Parts 5-7 focus on the content of sermons. Part 5 addresses how preachers are to make the connection between the actual text and the reality behind the text clear. Part 6 looks at the three pervasive emphases that are behind expository exultation. These three are the glory of God, the Gospel of Christ, and the path of love that leads to life and the obedience of faith. Finally, Chapter 7 is an examination on how to do expository exultation in the Old Testament.

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This is an important book that I hope every preacher or aspiring preacher will consider reading. There are nuggets of pure gold all over these pages. It was written by one of the greatest preachers in my generation. John Piper has for decades preached God’s Word in a passionate, biblical, and clear way that has made an incalculable impact for the Kingdom of God. In a very real sense, this book is a distillation of his life and ministry as it relates to preaching.


First and foremost, as can be expected in any of Piper’s books, this book is thoroughly biblical. John takes absolutely nothing for granted, which explains why the first chapter is a biblical argument for why we should engage in corporate worship at all. Chapter 3, “How Paul Brought Heralding into the House of God,” was absolutely thrilling.

I sat on a park bench reading that chapter with goosebumps on my arms and a burning in my bones to jump up and preach. In this chapter, Piper appeals to Paul’s letters to show the setting, content, and nature of preaching. His analysis of 2nd Timothy 3:14-4:2 on pages 61-68 was breathtaking. The connection that he made between the nature of Scripture as “God-breathed” in 3:16 and the command to “herald the Word” in 4:2 gave me a renewed sense of confidence in the power of the Word and the need of the preacher to herald it with boldness.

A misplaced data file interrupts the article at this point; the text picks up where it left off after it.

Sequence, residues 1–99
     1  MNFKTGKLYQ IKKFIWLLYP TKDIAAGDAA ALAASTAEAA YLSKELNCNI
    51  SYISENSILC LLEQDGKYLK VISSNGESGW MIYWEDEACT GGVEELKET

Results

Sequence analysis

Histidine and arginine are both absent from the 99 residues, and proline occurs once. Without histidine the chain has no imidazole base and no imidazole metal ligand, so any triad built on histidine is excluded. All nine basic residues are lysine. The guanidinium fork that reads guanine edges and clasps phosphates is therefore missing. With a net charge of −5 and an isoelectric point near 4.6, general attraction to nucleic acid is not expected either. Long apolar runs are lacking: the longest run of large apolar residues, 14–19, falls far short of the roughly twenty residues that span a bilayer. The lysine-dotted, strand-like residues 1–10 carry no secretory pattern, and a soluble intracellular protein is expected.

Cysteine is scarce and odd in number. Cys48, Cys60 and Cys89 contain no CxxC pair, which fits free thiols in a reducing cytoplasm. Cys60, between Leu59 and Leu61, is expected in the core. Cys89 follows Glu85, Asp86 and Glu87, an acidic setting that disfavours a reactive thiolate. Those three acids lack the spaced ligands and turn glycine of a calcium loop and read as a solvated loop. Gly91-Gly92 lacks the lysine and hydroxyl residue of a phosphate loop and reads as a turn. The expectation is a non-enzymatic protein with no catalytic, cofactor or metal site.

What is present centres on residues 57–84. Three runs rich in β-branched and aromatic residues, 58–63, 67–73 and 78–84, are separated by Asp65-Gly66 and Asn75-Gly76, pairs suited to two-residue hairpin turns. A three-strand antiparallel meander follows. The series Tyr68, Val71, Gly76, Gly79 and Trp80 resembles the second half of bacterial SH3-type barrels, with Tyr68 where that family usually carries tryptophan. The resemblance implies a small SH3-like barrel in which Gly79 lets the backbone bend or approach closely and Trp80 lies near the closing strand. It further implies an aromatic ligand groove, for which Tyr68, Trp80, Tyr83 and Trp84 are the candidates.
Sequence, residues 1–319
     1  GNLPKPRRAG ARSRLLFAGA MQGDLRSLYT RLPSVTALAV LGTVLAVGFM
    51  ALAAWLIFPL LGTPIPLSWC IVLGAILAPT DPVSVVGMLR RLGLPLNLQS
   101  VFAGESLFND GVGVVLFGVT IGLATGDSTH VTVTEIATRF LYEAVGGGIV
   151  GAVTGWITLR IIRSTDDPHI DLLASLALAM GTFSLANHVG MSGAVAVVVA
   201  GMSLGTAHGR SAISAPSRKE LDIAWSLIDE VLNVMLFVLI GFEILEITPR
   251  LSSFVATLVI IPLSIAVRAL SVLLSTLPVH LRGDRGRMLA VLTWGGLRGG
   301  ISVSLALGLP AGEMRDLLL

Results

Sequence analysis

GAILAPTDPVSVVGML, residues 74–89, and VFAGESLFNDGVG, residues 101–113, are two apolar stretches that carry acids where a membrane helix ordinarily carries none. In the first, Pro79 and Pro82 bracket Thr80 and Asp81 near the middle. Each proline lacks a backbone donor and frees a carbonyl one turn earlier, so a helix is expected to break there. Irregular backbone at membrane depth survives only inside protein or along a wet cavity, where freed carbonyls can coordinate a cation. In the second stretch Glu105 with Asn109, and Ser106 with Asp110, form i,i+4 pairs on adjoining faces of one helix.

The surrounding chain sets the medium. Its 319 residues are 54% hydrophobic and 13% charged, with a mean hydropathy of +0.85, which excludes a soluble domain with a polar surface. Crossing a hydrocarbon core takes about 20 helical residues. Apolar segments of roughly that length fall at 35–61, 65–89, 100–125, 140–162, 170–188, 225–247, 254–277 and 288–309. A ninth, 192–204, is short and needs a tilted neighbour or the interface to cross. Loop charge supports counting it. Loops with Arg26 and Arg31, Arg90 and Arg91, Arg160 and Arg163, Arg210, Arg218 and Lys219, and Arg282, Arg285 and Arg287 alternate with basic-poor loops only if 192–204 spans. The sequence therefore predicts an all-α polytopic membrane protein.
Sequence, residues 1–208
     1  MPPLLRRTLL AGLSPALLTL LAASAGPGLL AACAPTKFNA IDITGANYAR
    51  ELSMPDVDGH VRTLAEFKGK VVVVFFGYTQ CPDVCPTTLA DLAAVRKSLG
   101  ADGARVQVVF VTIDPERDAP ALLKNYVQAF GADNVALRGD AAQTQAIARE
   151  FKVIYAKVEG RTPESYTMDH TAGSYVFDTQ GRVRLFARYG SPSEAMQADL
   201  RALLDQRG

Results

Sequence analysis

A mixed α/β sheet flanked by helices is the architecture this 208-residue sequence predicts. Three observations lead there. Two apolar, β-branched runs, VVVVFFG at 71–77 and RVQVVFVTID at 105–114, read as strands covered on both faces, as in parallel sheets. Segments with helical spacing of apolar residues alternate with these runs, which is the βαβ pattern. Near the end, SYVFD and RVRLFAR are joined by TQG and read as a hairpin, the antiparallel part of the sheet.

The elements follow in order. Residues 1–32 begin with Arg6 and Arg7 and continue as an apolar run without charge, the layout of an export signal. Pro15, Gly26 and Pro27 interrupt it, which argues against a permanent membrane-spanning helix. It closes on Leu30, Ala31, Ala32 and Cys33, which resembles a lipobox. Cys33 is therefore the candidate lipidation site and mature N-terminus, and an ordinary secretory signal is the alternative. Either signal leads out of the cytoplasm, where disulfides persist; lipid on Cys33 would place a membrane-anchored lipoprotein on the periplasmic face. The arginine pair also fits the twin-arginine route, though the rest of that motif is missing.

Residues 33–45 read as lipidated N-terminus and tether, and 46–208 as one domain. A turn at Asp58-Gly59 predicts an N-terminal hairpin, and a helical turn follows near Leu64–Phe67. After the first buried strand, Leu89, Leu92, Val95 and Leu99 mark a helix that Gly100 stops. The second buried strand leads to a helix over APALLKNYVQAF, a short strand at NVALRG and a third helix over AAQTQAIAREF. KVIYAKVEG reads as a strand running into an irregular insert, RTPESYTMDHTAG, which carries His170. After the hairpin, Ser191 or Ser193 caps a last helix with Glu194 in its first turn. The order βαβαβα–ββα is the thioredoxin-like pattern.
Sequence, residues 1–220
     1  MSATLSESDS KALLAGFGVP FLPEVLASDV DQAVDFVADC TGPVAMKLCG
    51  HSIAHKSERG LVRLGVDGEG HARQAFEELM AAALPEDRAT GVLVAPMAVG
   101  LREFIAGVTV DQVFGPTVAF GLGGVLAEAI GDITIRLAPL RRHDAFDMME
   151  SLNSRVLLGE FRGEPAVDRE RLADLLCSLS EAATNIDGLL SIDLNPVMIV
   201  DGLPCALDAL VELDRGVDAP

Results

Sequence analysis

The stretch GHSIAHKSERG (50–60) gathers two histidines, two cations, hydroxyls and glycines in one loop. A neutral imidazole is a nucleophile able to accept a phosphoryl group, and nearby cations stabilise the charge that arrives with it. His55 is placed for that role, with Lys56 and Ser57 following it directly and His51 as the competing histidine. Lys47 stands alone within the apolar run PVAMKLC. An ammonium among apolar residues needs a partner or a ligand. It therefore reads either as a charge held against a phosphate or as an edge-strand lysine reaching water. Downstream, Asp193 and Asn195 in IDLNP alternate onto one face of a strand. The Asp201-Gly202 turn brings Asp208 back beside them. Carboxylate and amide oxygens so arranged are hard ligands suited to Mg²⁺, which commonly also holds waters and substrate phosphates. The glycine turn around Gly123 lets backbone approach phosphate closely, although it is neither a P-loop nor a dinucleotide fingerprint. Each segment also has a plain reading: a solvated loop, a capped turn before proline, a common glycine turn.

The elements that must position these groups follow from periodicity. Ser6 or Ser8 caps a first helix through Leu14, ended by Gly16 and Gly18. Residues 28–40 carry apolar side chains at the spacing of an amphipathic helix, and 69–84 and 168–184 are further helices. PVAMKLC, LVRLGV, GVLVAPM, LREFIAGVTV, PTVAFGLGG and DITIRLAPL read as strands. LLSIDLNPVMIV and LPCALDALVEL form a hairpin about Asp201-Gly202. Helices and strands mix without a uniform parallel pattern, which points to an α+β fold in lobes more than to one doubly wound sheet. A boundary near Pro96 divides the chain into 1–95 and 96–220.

Second, I loved the tension between parts 3-4 in regard to the preacher being dependent on the power of the Spirit and also working his hardest in the delivery of sermons. Piper wrote, “The chief and ultimate aims of preaching are impossible apart from the miraculous working of the Holy Spirit.” He also said, “God’s ordinary way of revealing His glory to the hearts of His people is not by circumventing their natural powers but by making those powers the means of supernatural discovery.”

Both are true. The preacher must work, but it is God who works through him (Philippians 2:12-13).

Third, Piper’s insistence that “preaching is worship seeking worship” gives preaching a totally different character and emphasis than what we see in the contemporary church. Preaching is worship for the preacher because, as Piper said, “as he preaches the treasure, he is treasuring. As he holds up the pearl, he is prizing. As he invites to the banquet, he is savoring the feast.”